Kay Rhodenizer – December 2019
Child and/or spousal support required by a Separation Agreement or Court Order stops when the paying party dies unless the Agreement or Order expressly says the estate must continue to pay. That is unusual and there’s no guarantee the estate will have the money. Insurance paid to replace support paid direct to an estate is also subject to probate fees and might have to be used to pay creditors’ claims for other estate debts.
Life insurance payable direct to named beneficiaries can avoid these problems. Judges frequently order insurance on the paying party’s life to replace support (and sometimes on a parent not paying support but directly providing for children during his/her parenting time).
An irrevocable beneficiary must give written consent to be removed. If the designation is revocable, it can be changed without notice or consent.
The Nova Scotia Insurance Act provides that a child over 18 receives the insurance directly. Parents can avoid this by naming one or more trustees to manage insurance funds until an age they feel the children should be paid directly. Parents should try to agree on children’s trustees with good money management skills if they take this route.
When an insured dies before a child is 18, unless there is a named trustee for the children’s insurance a Court application may be necessary to determine who will manage the funds. This can be costly and delay providing support to children when they are also dealing with the stress of losing a parent.
The surviving parent may be the logical children’s trustee perhaps with another mutually acceptable person as co-trustee or you might consider a corporate trustee. Although corporate trustees charge fees, in the long run increased gains from skilled financial management may still result in a net gain for the beneficiary.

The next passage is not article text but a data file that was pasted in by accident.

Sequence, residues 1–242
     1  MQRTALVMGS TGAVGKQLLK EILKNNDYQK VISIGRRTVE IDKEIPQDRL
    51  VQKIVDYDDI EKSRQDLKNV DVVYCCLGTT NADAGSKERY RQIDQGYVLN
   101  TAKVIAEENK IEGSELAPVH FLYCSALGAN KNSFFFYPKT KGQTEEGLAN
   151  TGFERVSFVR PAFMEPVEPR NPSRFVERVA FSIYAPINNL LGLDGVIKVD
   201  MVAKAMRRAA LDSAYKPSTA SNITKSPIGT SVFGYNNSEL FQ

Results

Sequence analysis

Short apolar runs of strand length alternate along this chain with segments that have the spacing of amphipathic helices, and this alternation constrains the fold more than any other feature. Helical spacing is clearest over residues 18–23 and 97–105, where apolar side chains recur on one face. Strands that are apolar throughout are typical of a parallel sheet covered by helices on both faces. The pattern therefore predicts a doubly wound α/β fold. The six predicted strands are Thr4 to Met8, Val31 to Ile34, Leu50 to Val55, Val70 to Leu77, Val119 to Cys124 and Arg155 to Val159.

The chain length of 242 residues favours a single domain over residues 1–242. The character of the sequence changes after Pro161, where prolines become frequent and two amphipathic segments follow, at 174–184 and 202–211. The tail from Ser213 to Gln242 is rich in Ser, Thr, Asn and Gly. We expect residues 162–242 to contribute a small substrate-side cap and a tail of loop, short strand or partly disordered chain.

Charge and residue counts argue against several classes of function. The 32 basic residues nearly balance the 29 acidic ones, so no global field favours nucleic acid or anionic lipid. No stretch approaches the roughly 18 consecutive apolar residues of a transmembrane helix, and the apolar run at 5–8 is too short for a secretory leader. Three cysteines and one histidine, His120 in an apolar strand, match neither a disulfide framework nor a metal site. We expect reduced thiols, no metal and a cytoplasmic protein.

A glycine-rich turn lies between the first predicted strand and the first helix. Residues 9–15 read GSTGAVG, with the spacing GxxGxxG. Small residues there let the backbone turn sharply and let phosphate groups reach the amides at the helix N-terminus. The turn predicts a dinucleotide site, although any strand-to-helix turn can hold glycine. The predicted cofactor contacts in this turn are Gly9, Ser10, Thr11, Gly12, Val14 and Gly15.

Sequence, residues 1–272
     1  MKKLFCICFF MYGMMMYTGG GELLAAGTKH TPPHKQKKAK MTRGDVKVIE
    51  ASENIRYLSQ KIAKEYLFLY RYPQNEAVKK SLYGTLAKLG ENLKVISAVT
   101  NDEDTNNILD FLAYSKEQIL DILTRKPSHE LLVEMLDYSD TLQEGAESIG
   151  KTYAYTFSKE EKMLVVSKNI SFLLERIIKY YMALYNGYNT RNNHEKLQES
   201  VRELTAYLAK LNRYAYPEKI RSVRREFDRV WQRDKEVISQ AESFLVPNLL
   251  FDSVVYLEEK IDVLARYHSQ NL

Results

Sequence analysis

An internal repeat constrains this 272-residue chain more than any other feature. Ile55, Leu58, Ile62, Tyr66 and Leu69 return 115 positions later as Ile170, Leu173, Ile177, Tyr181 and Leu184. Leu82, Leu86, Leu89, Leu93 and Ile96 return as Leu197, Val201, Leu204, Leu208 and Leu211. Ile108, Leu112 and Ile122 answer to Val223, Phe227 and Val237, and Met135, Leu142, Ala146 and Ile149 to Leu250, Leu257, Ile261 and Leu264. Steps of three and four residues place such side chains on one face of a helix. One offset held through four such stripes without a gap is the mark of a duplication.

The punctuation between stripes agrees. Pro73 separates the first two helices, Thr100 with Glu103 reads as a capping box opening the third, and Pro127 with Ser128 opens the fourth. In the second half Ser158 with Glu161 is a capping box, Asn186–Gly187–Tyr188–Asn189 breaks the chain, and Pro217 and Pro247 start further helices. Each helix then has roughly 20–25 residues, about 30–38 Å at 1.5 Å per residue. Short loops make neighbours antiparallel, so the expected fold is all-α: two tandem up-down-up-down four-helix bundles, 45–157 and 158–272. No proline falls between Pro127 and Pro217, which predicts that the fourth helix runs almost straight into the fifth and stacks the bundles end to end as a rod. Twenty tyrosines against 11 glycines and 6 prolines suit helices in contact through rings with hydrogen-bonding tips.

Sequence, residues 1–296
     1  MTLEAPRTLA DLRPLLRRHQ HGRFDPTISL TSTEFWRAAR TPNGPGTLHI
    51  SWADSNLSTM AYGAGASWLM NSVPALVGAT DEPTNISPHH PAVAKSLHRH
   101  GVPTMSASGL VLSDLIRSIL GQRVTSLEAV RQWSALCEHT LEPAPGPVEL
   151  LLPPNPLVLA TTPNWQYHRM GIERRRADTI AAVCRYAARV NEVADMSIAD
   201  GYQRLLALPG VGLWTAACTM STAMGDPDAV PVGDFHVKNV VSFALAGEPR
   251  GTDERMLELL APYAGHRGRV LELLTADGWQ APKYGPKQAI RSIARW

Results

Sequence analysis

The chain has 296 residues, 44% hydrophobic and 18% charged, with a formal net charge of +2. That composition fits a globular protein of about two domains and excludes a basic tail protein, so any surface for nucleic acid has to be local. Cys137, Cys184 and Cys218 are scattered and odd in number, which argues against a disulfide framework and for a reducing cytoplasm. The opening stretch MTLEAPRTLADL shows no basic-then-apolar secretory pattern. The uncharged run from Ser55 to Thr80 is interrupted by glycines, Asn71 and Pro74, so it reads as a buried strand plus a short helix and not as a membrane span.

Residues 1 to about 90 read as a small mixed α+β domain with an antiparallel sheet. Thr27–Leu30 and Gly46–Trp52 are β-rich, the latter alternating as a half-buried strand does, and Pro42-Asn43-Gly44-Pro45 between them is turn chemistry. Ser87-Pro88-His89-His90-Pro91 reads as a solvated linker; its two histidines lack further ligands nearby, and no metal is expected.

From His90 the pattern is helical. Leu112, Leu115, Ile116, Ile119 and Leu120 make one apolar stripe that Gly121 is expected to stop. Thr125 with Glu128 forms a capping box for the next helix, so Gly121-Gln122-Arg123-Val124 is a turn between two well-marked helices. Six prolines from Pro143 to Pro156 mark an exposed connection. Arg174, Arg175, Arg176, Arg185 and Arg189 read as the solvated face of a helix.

Group insurance through employment can be lost if the insured changes jobs and some options to name irrevocable beneficiaries or trustees may not be available. Only the insured can own a group policy but an adult beneficiary can own a private policy insuring the other party’s life, regardless of who is obliged to pay the premiums.
Most private coverage becomes more expensive as the insured ages but it may be unwise to rely on only existing group coverage assuming it can be replaced later with private coverage because the insured may not continue to be insurable or able to afford premiums in the future.
Because of privacy laws, insurance companies will not provide information about group or private policies to anyone except the policy owner. Knowing the coverage particulars (beneficiaries, coverage and if premiums are up to date) is obviously important to the party relying on the insurance to replace support. If the paying party continues to own the policy, s/he should give the insurer a properly worded authorization to provide this information to the other party. If you are receiving child and/or spousal support, you may wish to have the Agreement or Court Order require you to pay the premiums so you know they are being paid and perhaps receive more support to cover the premiums.
A knowledgeable insurance agent can help you decide the required amount to replace support, based on projected future living costs including providing basics for children and education after high-school. For both non-taxable child and/or taxable spousal support the agent can also calculate projected interest on the insurance capital, tax on that interest and how much coverage is required taking into account that insurance is paid in a non-taxable lump sum instead of over time in monthly support payments. This information is also useful to assess if the amount of coverage can periodically be decreased to reflect the number of years support has been paid.
This blog is not a comprehensive treatment of this topic or legal advice. If you or a family member require more information, our MDW lawyers can assist you.